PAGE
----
SharePoint System Notifications

Introduction

During a recent client visit, I came across an interesting application of technology that I had not seen in quite a while. On the intranet home page was displayed a box notifying employees that a critical system was experiencing service degradation. The message included a link to a page with more information.

This notification solution reminded me of the “etc/motd” file that exists on Unix systems. The “Message of the Day” is automatically displayed on a user’s console after login. I can still remember a young college student working in the computer lab who updated the motd file each day with the hockey standings in the old Norris division! I was inspired to replicate this functionality in SharePoint.

SharePoint notification capabilities

SharePoint contains the infrastructure necessary for notifying users. This is most evident in Central Administration, where it is used by the Health Monitoring system. The notification is quite evident in Figure 1.
Figure 1 – System Notification in Central Administration

The API for the notification infrastructure is the SP.UI.Status class in the JavaScript object model. For an in-depth technical discussion, you should check out the excellent article by Waldek Mastykarz: Showing persistent messages using the SharePoint 2010 status bar.

Designing a solution

Rather than providing yet another article discussing how to use SP.UI.Status, this article will focus on composing a solution to provide a site-wide System Notification capability. As I considered how a company could leverage this functionality, I came up the following requirements:

  • Easy entry of notification information
  • Prominent display of notifications
  • Capability to link to a detail page
  • Flexibility to choose varying background colors
  • Notifications can be scoped to only the home page, or to all pages

While there may be other features that could be helpful, I decided to keep the solution simple with minimal components. Extending the result to address other scenarios is left as an exercise for the reader.

Solution Components

Site Columns / Content Type

Like many other business solutions, we need to start with the data. For small, well defined data sets, SharePoint is quite good at storage. I chose to create custom site columns primarily to provide a list of valid choices for a few of the notification attributes. These choice columns are in Figure 2.

The status column choices match the values of the color parameter of the SP.UI.Status.setStatusPriColor method. I added an additional value to indicate that the notification is closed and should no longer be displayed. The scope column is a choice column with only two values. I decided against a boolean column to make expansion of the solution easier. (You are welcome!)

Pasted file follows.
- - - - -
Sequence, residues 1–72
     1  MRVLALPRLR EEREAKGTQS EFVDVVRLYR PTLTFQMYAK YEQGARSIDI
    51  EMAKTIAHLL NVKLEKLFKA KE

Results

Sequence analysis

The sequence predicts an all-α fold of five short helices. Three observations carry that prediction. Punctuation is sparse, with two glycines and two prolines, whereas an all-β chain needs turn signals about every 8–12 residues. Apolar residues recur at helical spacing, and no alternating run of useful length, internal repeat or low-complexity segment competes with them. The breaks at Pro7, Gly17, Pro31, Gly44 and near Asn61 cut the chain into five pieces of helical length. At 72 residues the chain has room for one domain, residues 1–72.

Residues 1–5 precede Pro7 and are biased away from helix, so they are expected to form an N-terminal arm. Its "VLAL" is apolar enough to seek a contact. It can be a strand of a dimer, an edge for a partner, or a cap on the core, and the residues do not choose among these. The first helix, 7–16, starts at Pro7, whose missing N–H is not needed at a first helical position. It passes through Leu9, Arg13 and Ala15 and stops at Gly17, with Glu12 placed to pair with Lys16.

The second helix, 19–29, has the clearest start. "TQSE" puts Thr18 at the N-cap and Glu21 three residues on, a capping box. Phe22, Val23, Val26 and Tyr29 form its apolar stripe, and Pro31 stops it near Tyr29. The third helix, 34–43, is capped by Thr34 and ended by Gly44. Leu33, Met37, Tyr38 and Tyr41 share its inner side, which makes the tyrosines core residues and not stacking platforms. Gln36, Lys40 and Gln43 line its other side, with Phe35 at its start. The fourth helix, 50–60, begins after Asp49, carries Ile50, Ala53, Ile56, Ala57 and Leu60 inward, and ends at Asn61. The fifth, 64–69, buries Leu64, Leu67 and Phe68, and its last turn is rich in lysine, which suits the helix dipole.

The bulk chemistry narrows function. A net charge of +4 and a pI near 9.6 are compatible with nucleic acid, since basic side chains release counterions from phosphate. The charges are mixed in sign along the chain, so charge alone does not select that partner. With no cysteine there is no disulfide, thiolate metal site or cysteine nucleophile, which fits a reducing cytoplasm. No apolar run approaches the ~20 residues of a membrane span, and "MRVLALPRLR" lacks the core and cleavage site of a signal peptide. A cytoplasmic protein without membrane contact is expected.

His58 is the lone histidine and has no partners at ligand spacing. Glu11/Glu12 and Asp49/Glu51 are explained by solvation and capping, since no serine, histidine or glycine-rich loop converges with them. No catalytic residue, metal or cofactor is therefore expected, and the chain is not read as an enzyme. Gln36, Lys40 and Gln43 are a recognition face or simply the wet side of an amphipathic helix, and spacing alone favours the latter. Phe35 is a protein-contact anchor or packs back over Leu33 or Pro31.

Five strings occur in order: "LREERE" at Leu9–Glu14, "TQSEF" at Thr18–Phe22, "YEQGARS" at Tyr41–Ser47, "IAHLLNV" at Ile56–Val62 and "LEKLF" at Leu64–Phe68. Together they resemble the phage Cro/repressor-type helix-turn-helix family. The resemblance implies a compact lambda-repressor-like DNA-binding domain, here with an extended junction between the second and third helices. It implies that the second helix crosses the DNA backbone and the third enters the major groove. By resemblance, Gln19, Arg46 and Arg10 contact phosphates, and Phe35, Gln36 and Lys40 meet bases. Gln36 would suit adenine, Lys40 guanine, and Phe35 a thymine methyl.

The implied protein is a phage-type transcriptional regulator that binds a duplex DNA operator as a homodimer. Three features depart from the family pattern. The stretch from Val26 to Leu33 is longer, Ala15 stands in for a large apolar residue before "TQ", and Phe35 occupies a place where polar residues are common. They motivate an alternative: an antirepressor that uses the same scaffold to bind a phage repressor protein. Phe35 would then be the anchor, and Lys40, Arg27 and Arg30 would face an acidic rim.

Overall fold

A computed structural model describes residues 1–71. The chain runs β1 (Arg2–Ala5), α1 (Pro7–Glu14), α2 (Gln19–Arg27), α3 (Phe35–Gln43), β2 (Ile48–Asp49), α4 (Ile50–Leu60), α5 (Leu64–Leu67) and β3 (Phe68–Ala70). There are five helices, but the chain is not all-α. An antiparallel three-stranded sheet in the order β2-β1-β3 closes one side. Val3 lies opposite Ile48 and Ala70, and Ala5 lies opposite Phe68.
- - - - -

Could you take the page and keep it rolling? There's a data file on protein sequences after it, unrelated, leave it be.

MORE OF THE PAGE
Figure 2 – Choice columns of the System Notification solution

Along with custom site columns, I created a Content Type. I have found that having a content type for each type of data makes the queries much cleaner. In addition, having a content type allows future uses of the data in other aspects of SharePoint: Content Query web parts, search refinements, etc.

List Template / List Instance

In Visual Studio, List Templates are ridiculously easy. The new designer makes sure that Field IDs are entered correctly (ever get a error?). It even makes Views easy to create.

Figure 3 – Views tab of the List Designer in Visual Studio 2012

Delegate Control / Notification Control

After defining the storage and maintenance of our data, we need a mechanism to output the notifications. We want to use the SP.UI.Status object in javascript, so it is natural that we need to output some script on each page. Fortunately, there is some prior art in this area.
Kirk Evans has a blog post (Adding jQuery to Every Page in SharePoint with Delegate Controls) that covers the details. In my solution, I am deploying a custom script file along with JSON2.js.

The control that I am deploying into the delegate will query the notification list for active entries, serialize them into a JSON object, and add it to the page as the value of a hidden field. It also registers a script to run on page startup that will create the SP.UI.Status object and set its color. This registration is shown in Figure 4.

Figure 4 – The OnPreRender method of the System Notification control

In the script file, the data is pulled from the hidden field and then used to generate the notifications. I did not use jQuery to pull the data – I did not want to introduce a dependency or cause version conflicts. (And, getting the value of a well-known form element needs only one line of code anyway.) Figure 5 shows the relevant script.

Figure 5 – Script to read data and generate notifications

Notifications in action

Figure 6 shows the notification list with the default entries. The standard SharePoint list interface, saving us the hassle of coding CRUD pages.

Figure 6 – Notification list with entries

The active entry, with status “Information” is displayed on the site home page in Figure 7

Figure 7 – Notification displayed on site home page

Conclusion

The complete solution is available on CodePlex at https://spnotify.codeplex.com/ GitHub at https://github.com/pschaeflein/SharePointSystemNotifications. It is a simple solution, without enterprise features like logging and caching. And there would be some usefulness in extending it across site collections. (But if you do the, please use impersonation correctly!) Be aware that this is a full-trust solution, due to the use of the DelegateControl.